The Science Around Sugar
We consume a massive amount of sugar. That is more than 22 teaspoons a day on average, around 15 -20% of our total calorie input.
Almost all the sugar we consume is sucrose. In Australia this mostly comes from sugar cane. Some of the sucrose we consume comes from fruit and fruit juice. And some comes from high fructose corn syrup imported from the US.
Sucrose is a double sugar which our body splits into two single sugars. One of these is glucose and that is fine. It is our basic fuel. In every cell of our bodies it is burned to produce energy. If we are taking in a lot of glucose we release a lot of insulin and that makes us feel full and we stop eating.
The other half of sucrose is fructose and that is the problem because we convert most of it to fat.
Fructose, except in a few minor ways, can only be metabolized by the liver. We cannot use it for fuel so we convert it to fat. That fat is stored all over our bodies including our waistlines to make us fat and unhealthy now, and in the walls of our blood vessels to make us chronically sick later. Fructose appears to have no feedback hormone to tell us we have had enough so we are more likely to go on eating (and drinking).
Over the past few million years as we evolved there was very little sugar available and hence not much fructose. Consider the diets of the few remaining hunter gatherer groups in the world today. Where is the sugar? What little they get tends to be seasonal fruits and occasional honey – not much.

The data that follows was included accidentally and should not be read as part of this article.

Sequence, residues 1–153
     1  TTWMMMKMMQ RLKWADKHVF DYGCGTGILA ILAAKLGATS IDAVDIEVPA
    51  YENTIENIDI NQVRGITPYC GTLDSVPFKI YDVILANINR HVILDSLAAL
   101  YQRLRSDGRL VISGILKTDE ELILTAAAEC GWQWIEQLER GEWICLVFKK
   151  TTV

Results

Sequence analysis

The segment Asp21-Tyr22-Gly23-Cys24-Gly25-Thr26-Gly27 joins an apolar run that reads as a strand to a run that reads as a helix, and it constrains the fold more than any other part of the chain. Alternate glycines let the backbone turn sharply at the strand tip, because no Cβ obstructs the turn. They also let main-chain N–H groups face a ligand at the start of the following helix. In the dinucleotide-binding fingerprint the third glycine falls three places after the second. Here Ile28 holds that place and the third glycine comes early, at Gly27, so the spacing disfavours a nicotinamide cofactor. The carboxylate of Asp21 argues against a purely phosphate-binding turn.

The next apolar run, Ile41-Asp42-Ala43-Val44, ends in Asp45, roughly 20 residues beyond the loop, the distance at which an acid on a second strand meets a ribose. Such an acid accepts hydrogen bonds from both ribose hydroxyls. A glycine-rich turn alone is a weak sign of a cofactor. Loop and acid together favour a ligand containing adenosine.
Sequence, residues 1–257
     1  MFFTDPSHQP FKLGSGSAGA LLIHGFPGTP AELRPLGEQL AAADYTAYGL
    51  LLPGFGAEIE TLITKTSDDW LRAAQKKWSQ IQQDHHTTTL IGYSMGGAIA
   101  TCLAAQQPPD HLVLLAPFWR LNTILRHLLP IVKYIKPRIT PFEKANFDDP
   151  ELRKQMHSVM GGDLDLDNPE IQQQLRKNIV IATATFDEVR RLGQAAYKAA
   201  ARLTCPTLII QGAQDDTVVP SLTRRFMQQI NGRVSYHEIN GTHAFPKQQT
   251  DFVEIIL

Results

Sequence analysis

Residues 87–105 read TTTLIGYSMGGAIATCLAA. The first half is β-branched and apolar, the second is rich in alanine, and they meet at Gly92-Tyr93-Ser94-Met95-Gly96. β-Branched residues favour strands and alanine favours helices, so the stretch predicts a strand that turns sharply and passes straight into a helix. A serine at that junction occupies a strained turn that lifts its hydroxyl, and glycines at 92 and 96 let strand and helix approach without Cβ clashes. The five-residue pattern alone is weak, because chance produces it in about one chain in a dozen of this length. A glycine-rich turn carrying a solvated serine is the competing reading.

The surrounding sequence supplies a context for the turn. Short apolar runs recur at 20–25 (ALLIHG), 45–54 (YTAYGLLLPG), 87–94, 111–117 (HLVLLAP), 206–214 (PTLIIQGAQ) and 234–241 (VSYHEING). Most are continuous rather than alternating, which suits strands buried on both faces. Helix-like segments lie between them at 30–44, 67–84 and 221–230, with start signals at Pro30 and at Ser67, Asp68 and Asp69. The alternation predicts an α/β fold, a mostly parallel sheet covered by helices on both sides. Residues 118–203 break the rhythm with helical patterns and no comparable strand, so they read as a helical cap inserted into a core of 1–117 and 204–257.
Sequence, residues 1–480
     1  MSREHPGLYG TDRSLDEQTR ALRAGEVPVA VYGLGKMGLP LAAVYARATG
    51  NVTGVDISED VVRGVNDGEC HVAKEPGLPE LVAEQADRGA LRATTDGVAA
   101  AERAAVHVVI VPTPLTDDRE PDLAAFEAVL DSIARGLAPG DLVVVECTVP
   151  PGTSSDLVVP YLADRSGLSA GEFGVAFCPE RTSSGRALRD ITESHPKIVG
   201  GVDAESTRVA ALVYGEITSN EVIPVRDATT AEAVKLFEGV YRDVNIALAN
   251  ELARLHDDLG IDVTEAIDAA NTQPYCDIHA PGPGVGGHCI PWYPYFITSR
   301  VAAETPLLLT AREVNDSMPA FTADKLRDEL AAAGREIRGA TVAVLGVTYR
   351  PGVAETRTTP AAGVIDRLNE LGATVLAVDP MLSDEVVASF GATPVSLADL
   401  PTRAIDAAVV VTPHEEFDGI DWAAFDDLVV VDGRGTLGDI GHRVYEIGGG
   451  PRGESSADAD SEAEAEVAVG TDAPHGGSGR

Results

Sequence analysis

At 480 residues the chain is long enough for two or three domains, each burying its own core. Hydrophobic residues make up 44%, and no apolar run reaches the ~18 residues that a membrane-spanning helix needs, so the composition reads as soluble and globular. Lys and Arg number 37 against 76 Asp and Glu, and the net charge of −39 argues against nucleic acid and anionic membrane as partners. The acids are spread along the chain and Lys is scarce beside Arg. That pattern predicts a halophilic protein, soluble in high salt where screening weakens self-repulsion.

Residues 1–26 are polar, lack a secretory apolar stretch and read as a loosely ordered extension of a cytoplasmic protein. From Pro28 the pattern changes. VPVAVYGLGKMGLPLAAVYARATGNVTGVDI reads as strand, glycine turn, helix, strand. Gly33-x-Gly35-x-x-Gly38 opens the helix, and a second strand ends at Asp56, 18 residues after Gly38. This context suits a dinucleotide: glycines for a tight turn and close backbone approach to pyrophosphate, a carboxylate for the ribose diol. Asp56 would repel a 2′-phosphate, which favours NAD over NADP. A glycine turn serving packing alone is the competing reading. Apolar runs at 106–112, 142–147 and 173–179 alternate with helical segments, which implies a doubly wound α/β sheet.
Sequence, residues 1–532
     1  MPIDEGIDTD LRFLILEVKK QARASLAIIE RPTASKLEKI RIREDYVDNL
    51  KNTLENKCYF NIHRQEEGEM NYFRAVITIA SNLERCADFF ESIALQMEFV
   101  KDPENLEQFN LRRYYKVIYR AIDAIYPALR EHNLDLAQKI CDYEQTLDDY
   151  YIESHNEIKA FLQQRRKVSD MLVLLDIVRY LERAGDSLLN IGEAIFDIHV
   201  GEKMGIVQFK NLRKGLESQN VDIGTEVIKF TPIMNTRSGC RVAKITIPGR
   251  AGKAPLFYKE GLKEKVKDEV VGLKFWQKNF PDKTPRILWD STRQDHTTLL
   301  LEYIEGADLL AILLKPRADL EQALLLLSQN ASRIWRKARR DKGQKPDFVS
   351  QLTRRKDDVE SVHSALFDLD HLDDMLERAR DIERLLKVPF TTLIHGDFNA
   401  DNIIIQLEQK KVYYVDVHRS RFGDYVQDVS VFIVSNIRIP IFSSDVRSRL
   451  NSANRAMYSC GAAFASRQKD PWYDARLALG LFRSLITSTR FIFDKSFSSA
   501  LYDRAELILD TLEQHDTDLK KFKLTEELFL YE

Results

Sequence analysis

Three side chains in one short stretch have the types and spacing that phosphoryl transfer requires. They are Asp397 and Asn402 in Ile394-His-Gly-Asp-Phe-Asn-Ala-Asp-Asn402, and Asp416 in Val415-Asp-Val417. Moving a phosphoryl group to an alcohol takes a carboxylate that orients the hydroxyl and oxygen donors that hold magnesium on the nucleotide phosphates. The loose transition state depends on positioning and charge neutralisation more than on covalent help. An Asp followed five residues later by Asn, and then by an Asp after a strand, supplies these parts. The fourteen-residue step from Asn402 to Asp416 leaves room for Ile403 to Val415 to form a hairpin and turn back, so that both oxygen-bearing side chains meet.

Hence we have not evolved to cope with large amounts of it. It is only over the past two hundred years that we have been able to produce and consume a lot of sugar. That is much too short a time span for us to adapt to sugar.
Scientists, doctors and health authorities have become more concerned about the adverse effects of fructose particularly over the past decade. In large numbers of animal and human studies, detrimental effects of high fructose diets have been observed. In September 2009 the American Heart Association released a Sugar Statement recommending we radically reduce our sugar intake to below 6 teaspoons per day for women and 9 teaspoons per day for men. This 8 page document is worth reading. It documents our current consumption, discusses what we know about fructose and gives clear directions on modifying our diets to reduce obesity and chronic ill health.
This website recommends you follow the AHA sugar guidelines and judge for yourself the effects. The experience of this author is that a many overweight individuals have lost weight quickly, by adhering to these guidelines. Weight loss continues thereafter towards the healthy range. See for yourself.
At the end of this are links to scientific, medical and government health authority articles discussing the problems of excessive sugar intake.
How Bad is Fructose
AHA Sugar Statement
Taxing Soft Drink Sugar Intake and Blood Lipids Fructose and Fatty Liver Disease